Experts offer tips to prevent children's learning loss during summer

June 12, 2013, University of Tennessee at Knoxville

With school out and a long summer break ahead, many children are in danger of forgetting what they've learned during the academic year.

UT experts are offering tips on how children can stay sharp and exercise their brain muscles during the hot summer months.

"Learning over the summer does not have to be stressful or laborious," said Matt Devereaux, an associate professor in the Department of Family and in UT's Institute of Agriculture.

Research shows that the biggest impact on student academic achievement is made when families engage in learning activities that reflect the work children do in school, he said, noting that "the summer break is an excellent opportunity for parents to reinforce their children's learning and help prepare them for the year ahead."

Here are ten tips to help children have enjoyable educational summer experiences:

Open a book

Children who don't read during the summer lose an average of three months of reading growth. But children who read gain about a month, said Dick Allington, a professor of literacy studies and one of the nation's leading authorities on summer reading loss.

"Imagine you're a hockey coach and your players go all summer and they're never on the ice. Do you expect them to come back in the fall playing the same way?" he said. "It's the same with reading."

Allington noted that 80 percent of the reading between middle- to upper-income children and economically disadvantaged children accumulates during the summer. He encourages parents to regularly buy books for their children or borrow them from the library.

Join a summer reading club

Devereaux noted that local libraries and bookstores often have summer reading programs. Children can track the number of books read and amount of time spent reading to accumulate points and qualify for prizes. If age-appropriate, children chart progress themselves. The programs are often free and they frequently have incentives to help get children started on reading during the summer.

Journal daily

Encourage children to write in a personal journal each day during the summer. Allow them to be creative and also give them journal prompts. Include questions like "In what ways are snowflakes like people?" "Are you more like thunder or lightning?" and "If you could be an ocean animal, which one would you be and why?"

Promote the correct use of grammar and monitor spelling mistakes by using the dictionary and thesaurus.

Write a pen pal

Whether your child has a friend who has moved or one right next door, suggest that they become pen pals. They will enjoy writing letters and sharing ideas and experiences during the summer. Encourage them to write about topics that interest them, such as video games, sports, and vacations.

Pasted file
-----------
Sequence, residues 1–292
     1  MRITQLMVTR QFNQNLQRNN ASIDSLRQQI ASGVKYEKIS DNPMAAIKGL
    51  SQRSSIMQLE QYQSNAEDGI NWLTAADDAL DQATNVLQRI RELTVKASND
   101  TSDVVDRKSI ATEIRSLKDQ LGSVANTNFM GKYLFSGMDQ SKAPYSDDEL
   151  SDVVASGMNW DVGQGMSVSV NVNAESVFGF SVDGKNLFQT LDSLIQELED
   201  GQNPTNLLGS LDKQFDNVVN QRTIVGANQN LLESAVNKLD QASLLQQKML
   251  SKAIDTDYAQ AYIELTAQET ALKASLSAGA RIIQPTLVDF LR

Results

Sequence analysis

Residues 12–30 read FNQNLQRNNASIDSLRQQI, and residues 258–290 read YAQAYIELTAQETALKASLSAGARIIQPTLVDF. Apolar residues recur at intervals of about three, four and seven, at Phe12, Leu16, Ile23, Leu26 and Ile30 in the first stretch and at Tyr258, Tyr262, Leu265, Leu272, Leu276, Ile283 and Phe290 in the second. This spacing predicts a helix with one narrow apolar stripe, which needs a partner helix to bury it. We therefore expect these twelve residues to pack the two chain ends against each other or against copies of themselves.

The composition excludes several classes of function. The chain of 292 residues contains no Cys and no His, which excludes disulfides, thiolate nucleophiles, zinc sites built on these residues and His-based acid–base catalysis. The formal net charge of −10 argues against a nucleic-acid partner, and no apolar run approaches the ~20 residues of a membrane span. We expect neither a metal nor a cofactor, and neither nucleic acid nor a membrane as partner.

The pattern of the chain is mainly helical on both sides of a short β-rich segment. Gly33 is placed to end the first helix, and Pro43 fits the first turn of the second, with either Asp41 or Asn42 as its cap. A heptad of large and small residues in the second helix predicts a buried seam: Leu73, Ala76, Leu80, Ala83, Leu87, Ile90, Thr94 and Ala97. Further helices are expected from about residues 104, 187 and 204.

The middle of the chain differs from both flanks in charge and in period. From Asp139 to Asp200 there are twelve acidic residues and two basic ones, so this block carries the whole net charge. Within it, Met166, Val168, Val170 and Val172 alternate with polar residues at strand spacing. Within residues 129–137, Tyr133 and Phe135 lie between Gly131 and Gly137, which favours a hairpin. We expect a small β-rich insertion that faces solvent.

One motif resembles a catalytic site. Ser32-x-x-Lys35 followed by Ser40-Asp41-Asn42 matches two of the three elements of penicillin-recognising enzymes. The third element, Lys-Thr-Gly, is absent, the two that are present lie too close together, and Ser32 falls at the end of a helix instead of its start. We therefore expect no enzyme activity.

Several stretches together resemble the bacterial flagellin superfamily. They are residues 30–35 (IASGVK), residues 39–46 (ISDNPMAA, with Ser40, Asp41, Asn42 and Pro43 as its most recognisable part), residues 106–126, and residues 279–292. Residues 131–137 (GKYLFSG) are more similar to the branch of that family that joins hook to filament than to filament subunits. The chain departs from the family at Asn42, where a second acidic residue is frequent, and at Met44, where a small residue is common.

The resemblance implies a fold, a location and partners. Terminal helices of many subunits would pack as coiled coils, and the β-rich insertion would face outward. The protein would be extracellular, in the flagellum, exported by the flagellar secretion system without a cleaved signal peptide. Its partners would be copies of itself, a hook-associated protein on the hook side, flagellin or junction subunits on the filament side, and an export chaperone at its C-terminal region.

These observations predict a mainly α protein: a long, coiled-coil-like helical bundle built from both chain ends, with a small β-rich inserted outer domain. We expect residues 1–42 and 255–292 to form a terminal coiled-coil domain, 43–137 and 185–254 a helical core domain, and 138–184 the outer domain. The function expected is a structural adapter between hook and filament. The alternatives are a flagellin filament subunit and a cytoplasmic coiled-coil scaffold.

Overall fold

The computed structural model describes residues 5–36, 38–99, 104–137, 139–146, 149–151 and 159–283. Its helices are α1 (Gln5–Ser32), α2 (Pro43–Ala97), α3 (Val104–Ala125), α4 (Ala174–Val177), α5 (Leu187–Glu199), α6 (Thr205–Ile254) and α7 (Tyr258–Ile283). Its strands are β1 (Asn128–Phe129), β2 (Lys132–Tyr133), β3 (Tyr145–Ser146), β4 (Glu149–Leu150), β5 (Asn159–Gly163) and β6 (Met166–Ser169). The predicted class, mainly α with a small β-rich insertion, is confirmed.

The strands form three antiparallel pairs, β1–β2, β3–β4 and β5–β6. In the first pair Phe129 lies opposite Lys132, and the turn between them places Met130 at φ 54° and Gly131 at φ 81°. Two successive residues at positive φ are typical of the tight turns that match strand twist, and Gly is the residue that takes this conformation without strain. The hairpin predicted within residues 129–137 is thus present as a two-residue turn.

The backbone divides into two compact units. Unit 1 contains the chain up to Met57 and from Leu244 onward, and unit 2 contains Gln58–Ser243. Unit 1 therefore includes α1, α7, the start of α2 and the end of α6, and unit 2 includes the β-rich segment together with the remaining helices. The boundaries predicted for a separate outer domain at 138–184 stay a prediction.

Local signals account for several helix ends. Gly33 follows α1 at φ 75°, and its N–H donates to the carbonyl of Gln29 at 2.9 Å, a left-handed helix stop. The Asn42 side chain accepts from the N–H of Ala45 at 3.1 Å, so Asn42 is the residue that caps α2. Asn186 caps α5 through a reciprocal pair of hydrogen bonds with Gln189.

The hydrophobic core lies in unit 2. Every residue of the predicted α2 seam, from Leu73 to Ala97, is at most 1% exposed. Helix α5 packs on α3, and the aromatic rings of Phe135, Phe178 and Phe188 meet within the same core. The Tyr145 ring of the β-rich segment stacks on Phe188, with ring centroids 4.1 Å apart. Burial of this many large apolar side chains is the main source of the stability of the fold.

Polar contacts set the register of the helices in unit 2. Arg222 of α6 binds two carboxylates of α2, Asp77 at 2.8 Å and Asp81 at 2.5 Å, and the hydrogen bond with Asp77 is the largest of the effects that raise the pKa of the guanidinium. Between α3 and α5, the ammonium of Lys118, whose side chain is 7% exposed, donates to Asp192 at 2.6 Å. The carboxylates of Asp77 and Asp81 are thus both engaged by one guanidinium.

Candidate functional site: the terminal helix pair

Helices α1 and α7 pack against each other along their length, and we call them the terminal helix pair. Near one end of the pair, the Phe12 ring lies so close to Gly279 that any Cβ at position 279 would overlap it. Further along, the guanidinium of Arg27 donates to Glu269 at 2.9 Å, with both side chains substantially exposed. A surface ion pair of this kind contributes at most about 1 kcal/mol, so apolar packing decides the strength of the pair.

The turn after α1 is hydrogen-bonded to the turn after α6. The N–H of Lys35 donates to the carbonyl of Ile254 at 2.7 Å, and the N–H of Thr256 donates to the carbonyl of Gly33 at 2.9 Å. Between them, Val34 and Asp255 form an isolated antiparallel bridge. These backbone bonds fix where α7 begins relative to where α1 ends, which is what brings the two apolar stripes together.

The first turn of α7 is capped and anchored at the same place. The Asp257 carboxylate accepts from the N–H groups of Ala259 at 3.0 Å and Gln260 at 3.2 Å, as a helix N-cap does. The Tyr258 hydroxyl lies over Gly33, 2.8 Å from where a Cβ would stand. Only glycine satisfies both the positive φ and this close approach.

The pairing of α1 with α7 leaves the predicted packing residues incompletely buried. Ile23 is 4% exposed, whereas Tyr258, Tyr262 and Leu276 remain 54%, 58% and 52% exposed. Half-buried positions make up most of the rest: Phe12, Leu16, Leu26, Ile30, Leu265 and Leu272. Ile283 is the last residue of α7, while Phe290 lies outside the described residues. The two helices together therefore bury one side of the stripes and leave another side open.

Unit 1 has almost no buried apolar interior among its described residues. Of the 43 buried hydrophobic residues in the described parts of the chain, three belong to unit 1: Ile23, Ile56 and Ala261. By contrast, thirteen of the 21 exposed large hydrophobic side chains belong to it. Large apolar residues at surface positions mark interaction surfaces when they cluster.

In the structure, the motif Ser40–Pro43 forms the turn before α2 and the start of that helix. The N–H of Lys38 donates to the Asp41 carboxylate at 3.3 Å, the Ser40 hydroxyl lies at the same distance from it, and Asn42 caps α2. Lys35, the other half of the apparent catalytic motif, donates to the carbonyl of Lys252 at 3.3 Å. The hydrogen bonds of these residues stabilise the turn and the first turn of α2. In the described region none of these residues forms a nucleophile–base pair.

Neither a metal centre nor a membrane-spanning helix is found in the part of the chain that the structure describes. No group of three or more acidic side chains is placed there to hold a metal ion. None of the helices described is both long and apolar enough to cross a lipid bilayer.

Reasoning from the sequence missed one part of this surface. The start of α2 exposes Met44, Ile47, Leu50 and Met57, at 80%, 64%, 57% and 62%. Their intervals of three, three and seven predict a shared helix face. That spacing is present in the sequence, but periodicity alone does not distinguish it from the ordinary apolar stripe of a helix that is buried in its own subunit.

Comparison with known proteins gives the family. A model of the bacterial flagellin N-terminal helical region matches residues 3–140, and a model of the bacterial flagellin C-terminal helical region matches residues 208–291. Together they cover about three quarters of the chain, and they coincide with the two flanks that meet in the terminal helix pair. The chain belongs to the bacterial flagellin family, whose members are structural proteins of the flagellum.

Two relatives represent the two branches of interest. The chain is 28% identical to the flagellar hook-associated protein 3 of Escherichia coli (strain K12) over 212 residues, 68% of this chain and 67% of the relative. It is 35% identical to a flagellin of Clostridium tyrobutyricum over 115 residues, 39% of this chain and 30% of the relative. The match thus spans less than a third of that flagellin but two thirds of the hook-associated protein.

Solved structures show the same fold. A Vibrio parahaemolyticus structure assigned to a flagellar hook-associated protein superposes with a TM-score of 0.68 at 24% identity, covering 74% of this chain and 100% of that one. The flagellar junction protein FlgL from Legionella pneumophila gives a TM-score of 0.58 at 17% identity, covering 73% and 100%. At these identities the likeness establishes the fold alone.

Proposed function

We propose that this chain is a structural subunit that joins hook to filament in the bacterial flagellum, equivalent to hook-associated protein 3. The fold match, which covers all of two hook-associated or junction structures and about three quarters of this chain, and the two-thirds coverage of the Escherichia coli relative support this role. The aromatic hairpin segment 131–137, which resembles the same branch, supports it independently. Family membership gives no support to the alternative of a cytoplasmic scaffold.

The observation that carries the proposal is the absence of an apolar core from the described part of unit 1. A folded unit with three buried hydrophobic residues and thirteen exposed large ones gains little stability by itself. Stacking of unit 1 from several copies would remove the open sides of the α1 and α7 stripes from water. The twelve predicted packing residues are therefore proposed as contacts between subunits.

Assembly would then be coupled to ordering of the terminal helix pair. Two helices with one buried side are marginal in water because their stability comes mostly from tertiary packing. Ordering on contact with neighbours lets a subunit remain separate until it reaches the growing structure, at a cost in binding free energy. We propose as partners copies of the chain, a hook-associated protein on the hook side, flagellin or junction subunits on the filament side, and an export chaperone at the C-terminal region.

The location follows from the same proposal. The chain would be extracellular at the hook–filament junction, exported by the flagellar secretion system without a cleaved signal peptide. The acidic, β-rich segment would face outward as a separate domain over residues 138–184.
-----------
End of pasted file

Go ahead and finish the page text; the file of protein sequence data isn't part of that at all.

Get a magazine subscription

Subscribe to an age-appropriate magazine centered around your children's activities and interests. Do not pick the magazine for them. Instead, encourage them to be part of the search process. Since magazine subscriptions tend to extend beyond the summer months, they can impact children positively for an entire year.

Play learning games

Games can be simple ones that you make up and play with your child. You also can buy learning games online and in educational stores. Many games that are just for fun can be turned into learning games with a simple variation. Be creative. Even simple things like doing the dishes, playing ring toss, or buying groceries can be used as a fun lesson.

Enroll children in a summer math program

Summer learning programs can be very convenient and flexible. Children should have time to play during the summer, but their brains should also be kept active. A good program will allow flexibility in time schedules as well as a customized learning process with which both you and your child will be comfortable.

Take educational family trips

Camping, taking a nature hike, and visiting a local zoo or museum are all educational family trips. Children can exercise their brain muscles by taking time to point out animals, plants, and exhibits. If there are information plaques or guides, read those with your child. Better yet, have your child can read them to you.

Use a tutor

Enlist the help of a tutor who can make learning fun in a one-on-one interactive environment.

"This ensures a consistent educational enrichment and prevents the loss of skills that were hard earned the previous school year," Devereaux said.

Keep it fun!

It shouldn't all be about worksheets or reviewing flashcards. also should go swimming, ride their bikes, and play baseball.

"Physical activity is important for developing well-rounded kids," Devereaux said. "It contributes to their overall health as well as their ability to focus."

Explore further: Keeping kids' minds sharp during summer break

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